This booklet is not a complete discussion about struggling readers. I am not knowledgeable enough on the subject to do that. This is written from the perspective of a parent who is working with a specialist to teach a child with dyslexia.

It’s been a year since I first released this booklet. I’m adding a few more things I’ve learned during that time. I won’t be adding too much because then it could take too long to read. I want this to be a fast read so that normal, busy people can easily read it. They will get enough information to get a sense of what dyslexia is, what questions they need to ask professionals, and what path their child will need and then they can go make dinner or, if they’re lucky, get to bed a little earlier than normal. However, there are a few things that I think will make a big difference so I am adding those. In the paperback and hardback editions, the links to the online resources are at the back of the book.

Dyslexia is simply a “wiring” difference that can be seen in people of all levels of intelligence. It makes it hard for people to learn to read. (By “wiring” I mean a neurobiological difference, but that’s a challenging word for me to try and define, so I think “wiring” gets the point across.)

Here is a list of “symptoms” from the Mayo Clinic. Here is a pdf checklist that is a useful list of dyslexia symptoms for children of different ages. I will discuss actual testing and screening tools in the next section, “If Only I had Known…” The following short list of symptoms from Medical News Today is because of its brevity.

Before school

  • delayed speech development and vocabulary learning
  • difficulties forming words, such as making the sound in some words backward or mixing up words that sound similar
  • problems retaining information, such as numbers, the alphabet, and colors

School age

  • low reading level for the age group
  • difficulties processing information
  • issues with remembering sequences of objects or information
  • being unable to put an unfamiliar word into sounds
  • taking an abnormally long time with reading and writing tasks
  • avoidance of activities that involve reading

Teenage years and adulthood

  • difficulties reading aloud
  • slow reading and writing that takes a lot of effort
  • spelling issues
  • avoidance of tasks that require reading
  • mispronunciation of words or problems recalling words for a particular object or topic
  • problems with understanding the meaning behind jokes and idioms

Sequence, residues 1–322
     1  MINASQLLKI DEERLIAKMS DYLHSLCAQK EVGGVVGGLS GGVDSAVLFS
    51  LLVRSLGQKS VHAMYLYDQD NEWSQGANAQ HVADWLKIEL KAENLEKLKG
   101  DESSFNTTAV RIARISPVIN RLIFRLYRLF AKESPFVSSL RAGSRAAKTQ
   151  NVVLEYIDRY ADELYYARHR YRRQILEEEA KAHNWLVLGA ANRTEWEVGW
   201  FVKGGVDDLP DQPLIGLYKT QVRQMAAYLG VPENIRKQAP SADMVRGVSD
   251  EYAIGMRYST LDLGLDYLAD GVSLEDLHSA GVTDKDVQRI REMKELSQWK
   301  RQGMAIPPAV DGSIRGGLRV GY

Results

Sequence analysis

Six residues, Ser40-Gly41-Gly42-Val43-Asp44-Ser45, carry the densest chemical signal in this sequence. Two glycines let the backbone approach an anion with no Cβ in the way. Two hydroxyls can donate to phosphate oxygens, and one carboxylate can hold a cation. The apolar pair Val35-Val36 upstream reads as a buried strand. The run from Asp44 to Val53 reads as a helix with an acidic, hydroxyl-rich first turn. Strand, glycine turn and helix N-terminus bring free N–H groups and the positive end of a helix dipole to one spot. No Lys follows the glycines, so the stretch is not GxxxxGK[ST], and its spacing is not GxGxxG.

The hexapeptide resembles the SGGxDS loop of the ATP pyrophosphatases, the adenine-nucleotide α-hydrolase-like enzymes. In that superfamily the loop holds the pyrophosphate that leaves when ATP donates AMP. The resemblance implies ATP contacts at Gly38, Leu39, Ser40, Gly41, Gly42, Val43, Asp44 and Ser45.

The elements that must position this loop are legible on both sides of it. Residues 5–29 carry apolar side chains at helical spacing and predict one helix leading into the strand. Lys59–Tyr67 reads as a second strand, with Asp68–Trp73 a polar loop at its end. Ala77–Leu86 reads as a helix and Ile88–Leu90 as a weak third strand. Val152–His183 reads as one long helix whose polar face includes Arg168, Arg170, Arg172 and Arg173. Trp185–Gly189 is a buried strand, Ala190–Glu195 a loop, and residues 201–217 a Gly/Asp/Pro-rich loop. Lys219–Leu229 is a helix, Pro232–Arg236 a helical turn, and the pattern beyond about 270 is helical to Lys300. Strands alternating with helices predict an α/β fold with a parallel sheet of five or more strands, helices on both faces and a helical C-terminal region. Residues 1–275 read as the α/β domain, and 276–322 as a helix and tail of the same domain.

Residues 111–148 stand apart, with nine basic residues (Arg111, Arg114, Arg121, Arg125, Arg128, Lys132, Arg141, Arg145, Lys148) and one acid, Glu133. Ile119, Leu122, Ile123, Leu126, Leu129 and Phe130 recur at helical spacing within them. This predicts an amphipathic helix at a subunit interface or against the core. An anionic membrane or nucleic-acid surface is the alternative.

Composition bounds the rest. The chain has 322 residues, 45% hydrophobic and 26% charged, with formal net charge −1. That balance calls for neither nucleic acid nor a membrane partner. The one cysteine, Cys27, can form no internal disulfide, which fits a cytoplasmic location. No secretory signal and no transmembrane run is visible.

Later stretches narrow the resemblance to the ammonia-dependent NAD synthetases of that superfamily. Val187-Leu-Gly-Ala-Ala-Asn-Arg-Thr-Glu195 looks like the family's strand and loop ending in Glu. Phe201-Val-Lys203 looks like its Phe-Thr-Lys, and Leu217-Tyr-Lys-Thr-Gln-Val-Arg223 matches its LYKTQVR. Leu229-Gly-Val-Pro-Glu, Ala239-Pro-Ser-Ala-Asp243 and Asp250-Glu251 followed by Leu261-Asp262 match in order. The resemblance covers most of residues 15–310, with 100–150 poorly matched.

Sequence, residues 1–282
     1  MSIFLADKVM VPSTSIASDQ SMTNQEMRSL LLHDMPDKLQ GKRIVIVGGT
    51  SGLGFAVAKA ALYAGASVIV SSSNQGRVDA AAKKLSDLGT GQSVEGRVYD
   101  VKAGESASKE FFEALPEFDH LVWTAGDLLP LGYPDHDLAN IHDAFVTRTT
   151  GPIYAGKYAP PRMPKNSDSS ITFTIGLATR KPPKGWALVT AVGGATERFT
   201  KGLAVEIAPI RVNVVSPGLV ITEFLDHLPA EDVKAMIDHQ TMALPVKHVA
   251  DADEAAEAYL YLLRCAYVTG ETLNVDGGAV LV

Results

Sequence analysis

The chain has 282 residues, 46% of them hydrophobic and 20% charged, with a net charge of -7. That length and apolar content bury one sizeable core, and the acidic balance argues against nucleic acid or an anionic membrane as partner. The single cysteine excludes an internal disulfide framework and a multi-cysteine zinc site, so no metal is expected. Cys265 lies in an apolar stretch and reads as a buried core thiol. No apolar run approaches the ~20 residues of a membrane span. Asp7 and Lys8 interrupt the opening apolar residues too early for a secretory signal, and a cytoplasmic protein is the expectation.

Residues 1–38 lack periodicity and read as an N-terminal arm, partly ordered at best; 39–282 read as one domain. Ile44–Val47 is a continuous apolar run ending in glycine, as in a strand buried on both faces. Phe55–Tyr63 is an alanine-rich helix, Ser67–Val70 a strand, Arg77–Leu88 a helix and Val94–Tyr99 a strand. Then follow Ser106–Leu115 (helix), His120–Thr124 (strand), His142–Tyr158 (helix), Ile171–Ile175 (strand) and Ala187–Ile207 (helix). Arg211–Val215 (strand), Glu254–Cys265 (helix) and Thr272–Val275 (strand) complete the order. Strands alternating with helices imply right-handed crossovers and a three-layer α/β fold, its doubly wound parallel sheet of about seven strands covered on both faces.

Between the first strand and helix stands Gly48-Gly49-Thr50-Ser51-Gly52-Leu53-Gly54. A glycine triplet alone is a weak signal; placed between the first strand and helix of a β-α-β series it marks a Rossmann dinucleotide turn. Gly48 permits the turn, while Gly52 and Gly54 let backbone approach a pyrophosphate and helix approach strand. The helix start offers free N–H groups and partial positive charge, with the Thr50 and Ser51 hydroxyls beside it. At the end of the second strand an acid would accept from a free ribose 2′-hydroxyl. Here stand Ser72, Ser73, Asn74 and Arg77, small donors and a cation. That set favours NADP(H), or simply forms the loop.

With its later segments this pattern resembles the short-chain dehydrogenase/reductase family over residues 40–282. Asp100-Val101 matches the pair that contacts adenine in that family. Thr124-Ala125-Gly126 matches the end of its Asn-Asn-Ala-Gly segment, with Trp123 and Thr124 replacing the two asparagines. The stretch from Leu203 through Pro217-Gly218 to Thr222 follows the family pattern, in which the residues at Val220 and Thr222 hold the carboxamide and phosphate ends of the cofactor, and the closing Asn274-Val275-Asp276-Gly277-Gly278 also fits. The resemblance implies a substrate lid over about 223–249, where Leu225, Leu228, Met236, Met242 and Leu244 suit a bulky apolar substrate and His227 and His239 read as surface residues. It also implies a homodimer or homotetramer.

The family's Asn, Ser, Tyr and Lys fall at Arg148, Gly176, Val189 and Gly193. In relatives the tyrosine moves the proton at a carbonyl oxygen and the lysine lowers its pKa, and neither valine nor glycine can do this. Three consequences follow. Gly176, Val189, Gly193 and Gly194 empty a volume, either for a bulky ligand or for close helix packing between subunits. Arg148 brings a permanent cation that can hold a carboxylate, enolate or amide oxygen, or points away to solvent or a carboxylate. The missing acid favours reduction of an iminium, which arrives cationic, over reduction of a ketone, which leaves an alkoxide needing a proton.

• difficulties learning a foreign language, memorizing, or completing math problems
  • finding it hard to summarize a story

In addition to needing a different way to learn to read, some learners with dyslexia will also have trouble with writing and possibly learning math. They may have trouble with language-related skills including speech. Some do not understand how to rhyme words. Some might have fine motor and other physical difficulties. I will give a bit of information on how we are addressing math towards the end of this book, but I won’t discuss any of the other issues here. However, if you are wondering why your child seems to do various tasks differently than other kids, it could all be related to a different wiring of the brain. Henry Winkler, “The Fonz” was known to be a motorcycle rider. However, due to his dyslexia, he could not ride a motorcycle. Dyslexia impacts different people in such different ways. In this article on Dyslexia and Genetics, they discuss how motor dexterity relates to dyslexia.

Under federal law, dyslexia is categorized as a “Learning Disability.” This allows for accommodations in educational and, possibly, other environments. Accommodations include additional testing time, audio equipment, and more. However, many people don’t like to call it a disability. They simply see it as another way to learn. There are many lists of famous people and even billionaires who learn this way. This is not about intelligence; this is about adapting how we teach each child. (Or adult learner if they didn’t get the individualized teaching they needed as children.) There is a youtube interview with Steven Spielberg where he talks about growing up with undiagnosed dyslexia.